Machinery Lubrication

Machinery Lubrication September October

Noria Corporation Machinery Lubrication January February 2013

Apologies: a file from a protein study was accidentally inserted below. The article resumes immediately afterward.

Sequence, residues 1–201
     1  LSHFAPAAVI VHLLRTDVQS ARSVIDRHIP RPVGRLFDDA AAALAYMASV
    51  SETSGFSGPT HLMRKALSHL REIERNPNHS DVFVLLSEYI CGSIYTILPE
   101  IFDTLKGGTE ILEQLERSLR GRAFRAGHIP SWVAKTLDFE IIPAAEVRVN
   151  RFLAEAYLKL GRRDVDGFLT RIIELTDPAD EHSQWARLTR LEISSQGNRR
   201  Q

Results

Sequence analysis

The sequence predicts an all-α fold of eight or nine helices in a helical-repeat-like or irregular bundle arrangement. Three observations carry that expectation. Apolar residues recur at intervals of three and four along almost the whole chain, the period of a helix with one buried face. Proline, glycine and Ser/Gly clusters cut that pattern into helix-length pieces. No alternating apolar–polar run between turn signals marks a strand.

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www.machinerylubrication.com | September - October 2016 | 9 Measuring Bearing Temperatures Before any action is taken, the question of how hot the bearing is should be answered. Hot to the touch might only be 130 degrees F, as 120 degrees F is gener- ally the threshold temperature where you can still hold your hand on the surface. While there may be gray areas for identifying the appropriate action at certain temperatures, some guidelines can provide consistency and help plant personnel make better decisions. The first step should be to determine the actual temperature of the bearings being monitored. Keep in mind that the temperatures measured are only the skin temperatures of the bearing housings. The actual bearing temperatures will be 15-25 degrees hotter. Observe the surface condition and type when measuring temperature. Also, ensure the measuring device's emissivity is correct for the surface being measured. Most dark carbon-steel surfaces will have an emissivity setting around 0.95, while shiny stainless steel or aluminum will have a much lower setting. A typical infrared camera shot is shown below. Process buildup on bearing housings can result in lower measured temperatures when the actual bearing temperatures are much hotter. Buildup will insulate the bearing and not allow it to dissipate heat, which will in turn make the bearing run even hotter. Temperature checks should be performed in the same locations on the equipment and the bear- ings. Variations in bearing temperatures can be expected when different locations are measured due to load zones, ambient temperatures, lube levels, etc. Consistency is also important when different individuals are taking the measurements. Bearing Temperature Conditions Most precision installed and lubricated equip- ment will operate at less than 180 degrees F. A bearing temperature that is less than 180 degrees F is typically considered acceptable (see the chart below). Of course, there may be other consequences for operating in this "good" range. A higher operating temperature will cause the bearing lubricant to deteriorate at a faster rate. At more than 150 degrees F, the lubricant life can be cut by 50 percent for every additional 18 degrees F. A higher operating temperature also means a lower operating viscosity for the lubricant, which may hurt the overall reliability of the equipment. The chart on page 10 shows how the maximum temperature for a specific lubricant (viscosity index) and bearing type may limit the maximum operating temperature s. Caution Conditions In a caution condition, the bearing temperature may be between 180 and 200 degrees F. While this is slightly higher than desired, it may be a typical operating temperature for some equipment. Therefore, it is essential to have an operating temperature history for equipment in this range to determine if the temperature is normal. For gearboxes, sump temperature limits are less than 200 degrees F, as defined by the American Gear Manufacturers Association (AGMA). A C3 clearance ML www.machinerylubrication.com | September - October 2016 | 9 An infrared image of a bearing housing Bearing temperature condition chart <180°F Good 180-200°F Caution 200-250°F Alert 250-300°F Alarm >300°F Trip/Shutdown

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